Failure, some say, is not an option. But that is bullshit. People fail all the time. Businesses fail. And sometimes, hastily retooled TV shows fail, which is the case with Fashion Police in our post-Joan Rivers existence. And while it seems that the failure of Fashion Police 2.0 doesn’t need to be explained away by executives and confidential sources who give interviews and are granted anonymity by TMZ and Gawker, that is exactly what is happening in the world today. Why is this happening?
The Hollywood Reporter says that E! execs have decided to scrap the three upcoming Fashion Police episodes – filming has been cancelled – and to go on hiatus until the fall, where they will shoot six or seven episodes tied to big, splashy events like the Emmys. Surprisingly, E! has promised to change its tack to be less needlessly cruel, or rather, to take an “aspirational” tone. Which is pretty fucking meaningless: they’re still going to make jokes about beautiful people in expensive clothes and try to sell you more stuff you don’t need. “Aspirational” is as much about upselling as it is about not being shitty under the guise of entertainment of a fashion maven.
“With the benefit of hindsight, we definitely brought [Fashion Police] back too soon,” says [NBCUniversal Lifestyle Networks Group president Frances] Berwick, who added E! to her portfolio mere weeks after Rivers’ September death. In the months since, she has had to deal with a barrage of controversies, including backlash to the network’s “mani cam” feature on red carpets (Julianne Moore called it “humiliating” and other stars refused to participate) and an #AskHerMore Twitter campaign against fashion-focused interviews. In addition, there’s the will-they-or-won’t-they Bruce Jenner transgender docuseries (insiders say they will) and the Fashion Police fallout that began when Rancic suggested singer Zendaya’s dreadlocks “smelled like patchouli oil … or weed” on the show’s post-Oscars telecast. The controversies come as NBCUniversal cable chief Bonnie Hammer has said she wants E! to take a more “aspirational” tone, and they highlight a subtle shift in celebrity culture and E!’s role in what The New York Times called on March 15 its “untenable setup that one day reveres celebrities on the red carpet and the next day marches them onto a gangplank and pushes them into the water.”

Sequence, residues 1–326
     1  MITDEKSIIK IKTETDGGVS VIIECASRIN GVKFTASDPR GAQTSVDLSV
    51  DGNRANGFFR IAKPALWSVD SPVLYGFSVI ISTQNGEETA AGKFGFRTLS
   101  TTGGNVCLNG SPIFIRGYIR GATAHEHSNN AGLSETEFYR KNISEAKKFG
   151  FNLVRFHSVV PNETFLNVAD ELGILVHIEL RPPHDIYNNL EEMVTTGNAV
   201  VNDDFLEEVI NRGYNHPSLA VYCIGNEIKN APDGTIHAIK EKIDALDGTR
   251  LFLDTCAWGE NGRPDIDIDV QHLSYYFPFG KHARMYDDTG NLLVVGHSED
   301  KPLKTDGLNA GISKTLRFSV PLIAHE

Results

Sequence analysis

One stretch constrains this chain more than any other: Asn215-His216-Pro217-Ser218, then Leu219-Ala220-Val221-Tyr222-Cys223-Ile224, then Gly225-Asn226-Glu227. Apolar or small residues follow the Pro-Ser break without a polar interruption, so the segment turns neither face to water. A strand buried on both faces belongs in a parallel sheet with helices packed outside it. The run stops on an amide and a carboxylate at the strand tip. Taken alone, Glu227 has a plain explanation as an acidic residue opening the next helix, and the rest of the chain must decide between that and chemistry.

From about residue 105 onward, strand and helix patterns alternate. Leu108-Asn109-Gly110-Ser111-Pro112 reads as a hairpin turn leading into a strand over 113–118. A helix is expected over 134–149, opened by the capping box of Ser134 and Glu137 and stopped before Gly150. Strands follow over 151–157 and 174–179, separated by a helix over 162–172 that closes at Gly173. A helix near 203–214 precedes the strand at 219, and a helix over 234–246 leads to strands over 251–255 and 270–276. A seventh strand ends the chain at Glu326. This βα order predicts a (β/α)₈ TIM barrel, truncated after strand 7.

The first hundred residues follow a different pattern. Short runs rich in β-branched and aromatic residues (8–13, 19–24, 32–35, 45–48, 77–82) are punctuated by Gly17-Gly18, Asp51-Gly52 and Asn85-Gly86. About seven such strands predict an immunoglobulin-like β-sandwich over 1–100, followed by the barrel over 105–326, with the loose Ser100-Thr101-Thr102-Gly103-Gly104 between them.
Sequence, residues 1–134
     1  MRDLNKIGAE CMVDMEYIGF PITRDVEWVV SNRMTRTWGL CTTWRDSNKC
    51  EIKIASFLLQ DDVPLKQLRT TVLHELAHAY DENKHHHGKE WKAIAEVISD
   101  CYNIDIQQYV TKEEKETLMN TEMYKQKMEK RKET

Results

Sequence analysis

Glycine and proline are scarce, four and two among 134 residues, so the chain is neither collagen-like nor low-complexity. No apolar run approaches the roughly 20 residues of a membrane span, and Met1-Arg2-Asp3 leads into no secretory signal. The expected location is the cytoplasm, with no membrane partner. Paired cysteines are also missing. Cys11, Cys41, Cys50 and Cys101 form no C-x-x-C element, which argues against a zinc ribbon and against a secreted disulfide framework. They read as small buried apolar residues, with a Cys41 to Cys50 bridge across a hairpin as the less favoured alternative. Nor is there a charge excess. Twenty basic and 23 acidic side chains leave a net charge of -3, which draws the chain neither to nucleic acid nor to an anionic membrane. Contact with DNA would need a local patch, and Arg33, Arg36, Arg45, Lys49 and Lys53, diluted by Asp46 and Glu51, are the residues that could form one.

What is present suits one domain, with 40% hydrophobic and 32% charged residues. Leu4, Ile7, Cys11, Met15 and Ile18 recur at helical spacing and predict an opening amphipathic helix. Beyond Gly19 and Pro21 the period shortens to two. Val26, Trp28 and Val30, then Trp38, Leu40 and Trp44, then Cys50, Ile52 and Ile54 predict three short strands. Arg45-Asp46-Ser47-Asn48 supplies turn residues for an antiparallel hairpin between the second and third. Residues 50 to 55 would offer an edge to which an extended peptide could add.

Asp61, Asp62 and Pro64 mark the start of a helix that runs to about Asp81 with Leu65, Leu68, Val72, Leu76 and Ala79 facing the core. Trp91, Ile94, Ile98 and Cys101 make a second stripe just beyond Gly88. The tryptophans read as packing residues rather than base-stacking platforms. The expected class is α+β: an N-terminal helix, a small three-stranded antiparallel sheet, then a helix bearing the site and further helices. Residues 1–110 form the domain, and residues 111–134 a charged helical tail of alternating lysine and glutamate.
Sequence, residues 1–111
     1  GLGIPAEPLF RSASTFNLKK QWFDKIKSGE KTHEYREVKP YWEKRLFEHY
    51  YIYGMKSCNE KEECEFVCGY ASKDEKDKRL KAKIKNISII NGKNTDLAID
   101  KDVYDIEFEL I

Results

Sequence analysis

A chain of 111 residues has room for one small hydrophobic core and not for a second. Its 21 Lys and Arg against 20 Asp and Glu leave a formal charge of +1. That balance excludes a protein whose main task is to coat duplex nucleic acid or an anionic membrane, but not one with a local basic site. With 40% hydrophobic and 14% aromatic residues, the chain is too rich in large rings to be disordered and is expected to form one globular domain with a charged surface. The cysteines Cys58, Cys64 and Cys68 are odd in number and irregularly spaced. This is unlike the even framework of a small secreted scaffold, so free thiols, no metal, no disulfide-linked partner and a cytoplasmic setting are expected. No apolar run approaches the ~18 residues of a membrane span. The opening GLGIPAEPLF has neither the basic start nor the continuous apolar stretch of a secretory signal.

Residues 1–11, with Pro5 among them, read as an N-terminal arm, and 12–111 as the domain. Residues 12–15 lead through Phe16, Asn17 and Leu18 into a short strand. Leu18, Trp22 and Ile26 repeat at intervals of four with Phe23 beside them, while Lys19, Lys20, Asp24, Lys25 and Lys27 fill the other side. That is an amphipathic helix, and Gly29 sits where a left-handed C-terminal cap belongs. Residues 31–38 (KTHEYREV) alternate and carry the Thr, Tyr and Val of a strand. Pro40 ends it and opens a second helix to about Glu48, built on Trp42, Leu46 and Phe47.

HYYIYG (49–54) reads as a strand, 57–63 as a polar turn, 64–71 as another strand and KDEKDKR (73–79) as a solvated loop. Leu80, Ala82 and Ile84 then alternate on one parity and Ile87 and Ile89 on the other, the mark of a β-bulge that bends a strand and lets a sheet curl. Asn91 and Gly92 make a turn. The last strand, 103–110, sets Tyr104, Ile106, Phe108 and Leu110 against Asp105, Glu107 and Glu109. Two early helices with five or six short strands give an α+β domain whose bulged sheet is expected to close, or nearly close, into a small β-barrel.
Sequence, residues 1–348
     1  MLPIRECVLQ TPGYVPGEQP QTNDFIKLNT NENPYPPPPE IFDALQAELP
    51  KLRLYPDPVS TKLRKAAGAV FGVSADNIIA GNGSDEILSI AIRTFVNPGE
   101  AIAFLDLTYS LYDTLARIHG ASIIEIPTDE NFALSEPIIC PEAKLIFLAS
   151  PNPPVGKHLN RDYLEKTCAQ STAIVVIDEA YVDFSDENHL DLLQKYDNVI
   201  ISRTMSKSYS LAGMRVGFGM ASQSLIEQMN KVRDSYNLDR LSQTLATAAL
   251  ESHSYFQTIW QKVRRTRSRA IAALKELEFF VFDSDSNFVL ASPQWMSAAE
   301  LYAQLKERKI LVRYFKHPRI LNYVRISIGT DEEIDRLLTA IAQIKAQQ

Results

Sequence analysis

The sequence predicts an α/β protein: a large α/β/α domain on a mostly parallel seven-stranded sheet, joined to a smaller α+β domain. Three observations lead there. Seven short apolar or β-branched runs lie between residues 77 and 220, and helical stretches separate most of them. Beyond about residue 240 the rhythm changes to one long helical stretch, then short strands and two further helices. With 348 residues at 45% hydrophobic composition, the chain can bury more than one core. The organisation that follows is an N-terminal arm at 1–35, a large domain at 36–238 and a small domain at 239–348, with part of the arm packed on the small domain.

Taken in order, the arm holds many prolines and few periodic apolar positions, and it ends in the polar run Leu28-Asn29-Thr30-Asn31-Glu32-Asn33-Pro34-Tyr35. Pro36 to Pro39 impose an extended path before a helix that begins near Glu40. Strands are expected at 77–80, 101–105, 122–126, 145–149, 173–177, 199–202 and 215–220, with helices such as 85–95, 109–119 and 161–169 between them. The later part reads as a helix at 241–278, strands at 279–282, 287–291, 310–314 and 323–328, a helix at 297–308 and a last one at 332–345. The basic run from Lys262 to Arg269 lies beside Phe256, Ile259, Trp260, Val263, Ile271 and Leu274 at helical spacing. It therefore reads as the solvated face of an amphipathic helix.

If that isn’t enough for you, Gawker published a long article full of juicy details from an anonymous source who knew of quiet meetings in the E! offices, and quiet conversations suggesting Kathy Griffin as host wasn’t quite working out. The Gawker piece even brought up a rumor that can never be substantiated, and seems to be started by longtime gossip columnist Cindy Adams, who thinks herself a better friend to Joan Rivers than Kathy Griffin. This kind of shit doesn’t make a better television show. It doesn’t bring Joan Rivers back. It only makes a network look desperate to smear the reputation of someone who worked for them and found it wasn’t a good fit. And I ask: would a real team player have to go out and say that the star that was hired to fill a role “doesn’t do teams”? That sounds more like a spineless lick-spittle’s job.
Maybe it was doomed before it even got a chance to start. In her March 1 column in the New York Post titled “Fashion Police a Mess Without Joan Rivers,” Rivers’s personal friend Cindy Adams predicted the imminent ruin and provided this flashback, which is jaw-droppingly opportunistic even by Hollywood standards:
Kathy Griffin — talented, able — made a grab for the job while Joan lay on life support. I know. I was right there in her hospital room holding my forever friend’s hand.
However, Griffin and an E! spokesperson have denied it. Nobody will confirm this, so don’t try.
My source confirmed Griffin’s maneuvering—”Kathy literally called E! the day after Joan went into a coma and said, ‘If she doesn’t make it, I’d like the job”—something Adams first reported days after Rivers’s death last September, albeit without naming Griffin:
Two different people report that, while Joan was still comatose, another comedienne already pushed for her E-TV Fashion Police show. Nice, right? No business like show business. Replacements begin when a star coughs.
Despite her name not being mentioned, Griffin responded to the allegation days later, telling Larry King that the rumor was “disgusting” and “not true.” Furthermore, Griffin claimed, “I would never take Joan’s job. Joan and I had a different style.”